When you eat something really sour, the sensation isn't limited to your tongue. An especially tart bite has a way of making your entire face contract into a scrunched-up look of discomfort. If you can't resist puckering your mouth when you lick a lemon or snack on Sour Patch Kids, you can thank evolution.
That unmistakeable sour flavor that prickles you tastebuds is a product of the hydrogen ions that acids release when they combine with saliva. When your mouth detects this sign of acid, it lets you know in a dramatic way. Your taste receptors light up and your face twists involuntarily in what's known as a rejection response, according to Live Science.
Your tongue's reactions to bitter or spicy foods are rejection responses as well. Many plants found in nature with these flavors are poisonous, and your body's strong reaction is its way of protecting you from harm. Sourness shows up naturally in fruits like citrus, but it can be a warning of food-borne illness in many cases. Spoiled fruits and dairy products contain acid, which gives them a sour taste too.
It's hard to ignore the sour flavor of what you're eating when it contorts your entire facial expression. This reaction isn't necessarily enough to help someone who already taken a bite of a bad apple, but it may protect the people they're with. When our early human ancestors foraged for food, a sudden grimace may have communicated that whatever that person put in their mouth wasn't good to eat.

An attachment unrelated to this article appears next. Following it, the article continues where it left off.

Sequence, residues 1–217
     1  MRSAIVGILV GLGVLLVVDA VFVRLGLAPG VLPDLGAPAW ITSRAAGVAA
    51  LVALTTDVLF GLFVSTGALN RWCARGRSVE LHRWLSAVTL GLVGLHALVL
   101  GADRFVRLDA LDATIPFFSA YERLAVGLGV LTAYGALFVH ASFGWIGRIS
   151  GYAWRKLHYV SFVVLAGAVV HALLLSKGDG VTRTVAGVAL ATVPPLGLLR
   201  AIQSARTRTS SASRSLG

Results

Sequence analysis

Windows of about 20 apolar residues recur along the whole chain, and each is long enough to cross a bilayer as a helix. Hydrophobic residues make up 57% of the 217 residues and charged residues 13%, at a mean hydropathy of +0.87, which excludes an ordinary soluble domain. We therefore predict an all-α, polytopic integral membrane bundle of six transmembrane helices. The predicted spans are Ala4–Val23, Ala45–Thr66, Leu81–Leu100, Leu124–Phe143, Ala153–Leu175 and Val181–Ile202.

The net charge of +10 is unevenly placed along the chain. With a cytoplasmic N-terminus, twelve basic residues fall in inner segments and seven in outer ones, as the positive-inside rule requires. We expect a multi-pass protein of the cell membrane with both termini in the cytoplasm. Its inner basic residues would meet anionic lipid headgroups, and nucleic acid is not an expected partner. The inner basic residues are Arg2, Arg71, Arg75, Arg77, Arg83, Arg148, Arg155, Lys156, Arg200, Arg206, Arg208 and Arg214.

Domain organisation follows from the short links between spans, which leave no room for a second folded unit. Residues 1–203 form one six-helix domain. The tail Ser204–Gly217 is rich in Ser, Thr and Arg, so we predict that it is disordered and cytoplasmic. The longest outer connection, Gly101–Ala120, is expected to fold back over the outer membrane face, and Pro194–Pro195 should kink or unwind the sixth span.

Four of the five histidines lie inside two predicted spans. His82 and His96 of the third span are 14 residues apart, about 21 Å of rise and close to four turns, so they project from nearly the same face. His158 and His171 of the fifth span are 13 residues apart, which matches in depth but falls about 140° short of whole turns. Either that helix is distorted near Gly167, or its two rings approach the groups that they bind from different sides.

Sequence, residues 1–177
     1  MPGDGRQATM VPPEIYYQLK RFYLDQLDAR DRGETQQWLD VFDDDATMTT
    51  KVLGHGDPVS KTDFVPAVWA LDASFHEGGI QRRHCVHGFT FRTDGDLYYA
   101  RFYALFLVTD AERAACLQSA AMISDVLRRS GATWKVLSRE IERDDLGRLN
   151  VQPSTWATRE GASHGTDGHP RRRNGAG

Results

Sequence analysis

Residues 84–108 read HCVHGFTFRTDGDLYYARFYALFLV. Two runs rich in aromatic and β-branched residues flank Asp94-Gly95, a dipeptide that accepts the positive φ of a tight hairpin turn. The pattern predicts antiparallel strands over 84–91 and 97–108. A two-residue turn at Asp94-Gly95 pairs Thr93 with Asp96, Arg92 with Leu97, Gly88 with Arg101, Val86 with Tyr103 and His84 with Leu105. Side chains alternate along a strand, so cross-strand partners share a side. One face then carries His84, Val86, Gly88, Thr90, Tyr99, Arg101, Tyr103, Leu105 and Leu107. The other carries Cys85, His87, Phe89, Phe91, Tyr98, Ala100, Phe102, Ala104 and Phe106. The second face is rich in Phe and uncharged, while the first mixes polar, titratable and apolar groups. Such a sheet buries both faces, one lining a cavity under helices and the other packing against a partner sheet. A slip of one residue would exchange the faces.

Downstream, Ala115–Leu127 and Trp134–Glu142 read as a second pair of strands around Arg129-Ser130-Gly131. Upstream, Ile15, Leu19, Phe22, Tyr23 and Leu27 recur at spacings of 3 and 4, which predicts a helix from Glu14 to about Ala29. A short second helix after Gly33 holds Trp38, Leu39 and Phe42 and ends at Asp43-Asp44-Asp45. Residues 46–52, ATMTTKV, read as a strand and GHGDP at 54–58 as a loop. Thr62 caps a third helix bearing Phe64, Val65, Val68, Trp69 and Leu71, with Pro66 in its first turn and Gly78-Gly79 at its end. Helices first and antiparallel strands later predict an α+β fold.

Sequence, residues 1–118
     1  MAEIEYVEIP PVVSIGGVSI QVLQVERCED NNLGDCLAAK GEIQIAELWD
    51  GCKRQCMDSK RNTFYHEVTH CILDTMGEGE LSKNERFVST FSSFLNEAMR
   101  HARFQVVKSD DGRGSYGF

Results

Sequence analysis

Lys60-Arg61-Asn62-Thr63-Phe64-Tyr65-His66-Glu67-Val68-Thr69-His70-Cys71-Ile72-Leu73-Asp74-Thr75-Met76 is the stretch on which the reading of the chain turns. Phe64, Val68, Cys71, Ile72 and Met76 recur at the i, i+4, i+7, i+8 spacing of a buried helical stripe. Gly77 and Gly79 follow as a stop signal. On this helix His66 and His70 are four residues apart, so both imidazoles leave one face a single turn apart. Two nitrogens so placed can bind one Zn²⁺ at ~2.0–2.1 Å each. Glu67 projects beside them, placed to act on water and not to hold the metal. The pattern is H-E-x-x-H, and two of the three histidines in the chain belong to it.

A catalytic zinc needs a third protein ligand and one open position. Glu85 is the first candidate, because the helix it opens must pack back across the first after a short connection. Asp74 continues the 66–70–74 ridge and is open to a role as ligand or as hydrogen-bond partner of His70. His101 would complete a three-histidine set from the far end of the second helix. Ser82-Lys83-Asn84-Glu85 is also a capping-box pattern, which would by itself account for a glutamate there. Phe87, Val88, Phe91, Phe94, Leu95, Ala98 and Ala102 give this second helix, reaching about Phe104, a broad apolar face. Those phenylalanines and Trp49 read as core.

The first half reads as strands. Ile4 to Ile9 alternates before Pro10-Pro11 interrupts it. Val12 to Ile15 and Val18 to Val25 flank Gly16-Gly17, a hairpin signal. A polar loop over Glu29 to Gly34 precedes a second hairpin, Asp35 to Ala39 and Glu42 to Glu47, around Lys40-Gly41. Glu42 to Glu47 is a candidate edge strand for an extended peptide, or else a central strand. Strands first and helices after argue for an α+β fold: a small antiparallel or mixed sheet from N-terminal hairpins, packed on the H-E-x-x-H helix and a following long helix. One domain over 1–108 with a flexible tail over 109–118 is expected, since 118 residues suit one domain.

The pucker response to sour flavors helped early humans avoid getting sick, but it doesn't stop us from eating sour foods today. The flavor is so sought after that there's an entire candy market devoted to maximizing it in processed products. So why do we love to eat the very thing that our face and tongue warns us might kill us?
The answer is acquired taste. Humans don't innately crave bitter, spicy, or sour foods, but foods with these characteristics are important components of a nutritious diet. Instead of loving these flavors from birth, we're conditioned to enjoy them through repeated exposure. By becoming acquainted with the taste via our peers and family members, humans gradually learn which sour (and bitter and spicy) foods are healthy and which are potentially harmful.
Though we rely on the sense everyday, taste doesn't work exactly how you may assume. Here are some fascinating facts about the sense of taste to chew on.
[h/t Live Science]